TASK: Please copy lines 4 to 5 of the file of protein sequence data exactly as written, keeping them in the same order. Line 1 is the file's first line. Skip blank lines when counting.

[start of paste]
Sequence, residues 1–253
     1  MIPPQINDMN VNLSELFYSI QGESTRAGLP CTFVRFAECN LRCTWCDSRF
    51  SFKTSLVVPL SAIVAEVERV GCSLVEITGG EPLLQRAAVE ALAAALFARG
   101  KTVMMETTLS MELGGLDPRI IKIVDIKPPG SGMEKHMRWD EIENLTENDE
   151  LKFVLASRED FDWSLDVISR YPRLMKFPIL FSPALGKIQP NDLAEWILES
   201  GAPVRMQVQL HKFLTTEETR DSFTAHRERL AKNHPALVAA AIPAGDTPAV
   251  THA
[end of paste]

   101  KTVMMETTLS MELGGLDPRI IKIVDIKPPG SGMEKHMRWD EIENLTENDE
   151  LKFVLASRED FDWSLDVISR YPRLMKFPIL FSPALGKIQP NDLAEWILES